Enzymatic Reaction (image will open in a new window)
Acetylcholinesterase (AChE) catalyzes the hydrolysis of acylcholinesters with a relative specificity for acetylcholine:
The enzyme is bound to cellular membranes of excitable tissue (synaptic junction, endoplasmic reticulum, etc.) and is believed to be associated with nerve impulse conduction (Politoff et al; 1975, Friedenberg and Seligman 1972, Nachmansohn 1970). AChE is also found in red blood cells. A second cholinesterase found in blood serum hydrolyzes butyrylcholine 4 times faster than acetylcholine. They are two distinct enzymes. See monograph on butyrylcholinesterase (E.C.188.8.131.52). See also, Chatonnet and Lockridge (1989). Enzymatic and immunochemical properties of AChE from electric eel have been reported by Gurari et al. (1974) and Leuzinger (1971). See also Sadar and Laidler (1975), Jain et al. (1973), Robaire and Kato (1973), Dudai et al. (1972), Rosenberry and Bernhard (1972), and Froede and Wilson (1971).
Other reported sources of AChE are: mouse brain (Adamson et al. 1975); houseflies (Devonshire 1975); venom (Kumar and Elliott 1973); pig brain (McIntosh and Plummer 1973); human erythrocytes (Sihotang 1974; Chajilani, et al. 1989; Paniker et al. 1973); rat liver (Wheeler et al. 1972); and mollusc (Bevelaqua et al. 1975). See also Krupka and Hellenbrand (1974) and Ngo and Laidler (1975a and b). Goodson et al. (1973) report on immobilized AChE.
Characteristics of AChE from Electric Eel:
Molecular weight: 260,000 (Leuzinger et al. 1969).
Composition: Levinson and Ellory (1974) indicate that the enzyme in its natural state is a monomer of approximately 75,000; in solution, aggregates are present. Rosenberry et al. (1974) report subunits to have a molecular weight of 70,000 and one active site. See also Chen et al. (1974) and Berman (1973). Dudai et al. (1973) have also reported on molecular structure.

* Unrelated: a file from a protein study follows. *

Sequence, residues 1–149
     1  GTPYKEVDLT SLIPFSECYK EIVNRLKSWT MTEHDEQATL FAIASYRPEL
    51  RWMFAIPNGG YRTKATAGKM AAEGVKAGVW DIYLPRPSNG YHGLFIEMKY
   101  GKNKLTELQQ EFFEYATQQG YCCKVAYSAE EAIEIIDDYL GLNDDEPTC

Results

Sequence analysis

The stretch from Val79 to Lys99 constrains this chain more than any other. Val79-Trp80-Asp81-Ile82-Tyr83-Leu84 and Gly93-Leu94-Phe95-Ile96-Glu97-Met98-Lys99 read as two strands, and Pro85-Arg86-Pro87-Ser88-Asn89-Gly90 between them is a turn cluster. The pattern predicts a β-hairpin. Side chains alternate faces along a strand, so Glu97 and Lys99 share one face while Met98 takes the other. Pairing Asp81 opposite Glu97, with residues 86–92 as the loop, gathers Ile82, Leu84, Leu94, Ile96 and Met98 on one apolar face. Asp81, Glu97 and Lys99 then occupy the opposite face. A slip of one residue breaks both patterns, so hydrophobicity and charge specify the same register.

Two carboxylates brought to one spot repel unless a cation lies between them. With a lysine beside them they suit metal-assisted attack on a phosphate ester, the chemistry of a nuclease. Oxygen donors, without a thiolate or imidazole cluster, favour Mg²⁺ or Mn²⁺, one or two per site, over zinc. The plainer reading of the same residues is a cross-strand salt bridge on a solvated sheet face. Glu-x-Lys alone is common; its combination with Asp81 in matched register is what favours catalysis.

There is evidence that eel AChE is a glycoprotein (Bon and Rieger 1975; Powell et al. 1973). Mooser and Sigman (1974 and 1972) report on a non-catalytic ligand binding-site remote from the active site. See also: Cocolas et al. (1974); Fuchs et al. (1974); Hochachka (1974); Marquis and Webb (1974); Roskowski (1974); Kato et al. (1972); Mooser et al. (1972); Rieger et al. (1972); Rosenberry (1975) and Rosenberry et al. (1972).
Optimum pH: 7.0.
Extinction coefficient: = 16.1 (Leuzinger et al. 1968).
Isoionic point: pH 5.35.
Specificity: At substrate concentrations of 1 X 10-3M and constant enzyme level (approximately optimal for acetylcholine), relative rates of hydrolysis for several esters are: acetylcholine, 100; propionylcholine, 96; butyrylcholine, negligible; and triacetin, 11 (Nachmansohn 1959). See also Moore and Hess (1975).
Inhibitors: The classical inhibitors of AChE are organophosphate compounds (Bartels and Nachmansohn 1969 and Ashani et al. 1972) Most carbamates inhibit it (Hetnarski and O'Brian 1975). Light-sensitive inhibitors have been studied by Deal et al. (1969). See also: Maheshwari et al. (1975); Reiner et al. (1975); Millner et al. (1974); Stanley et al. (1974); deJong and vanDijk (1972); Allen and Abeles (1989). Moss et al. (1974) report on its reaction with puromycin.
Activator: 0.02 M Mg2+ is stimulatory in purified preparations.
Stability: The enzyme is stable as a lyophilized powder for months at -20deg.C and in solution at pH 7.0 for several days at 4deg.C.
Reports on methods of assay include the following: Schnitzerling and Nolan (1975); Stoops and Bender (1975); Augustinsson and Eriksson (1974); Lewis and Eldefrawi (1974); Smith (1974); Ellin et al. (1972); Vete et al. (1972); and vanHooidonk et al. (1972). See also comments by Ellin (1972).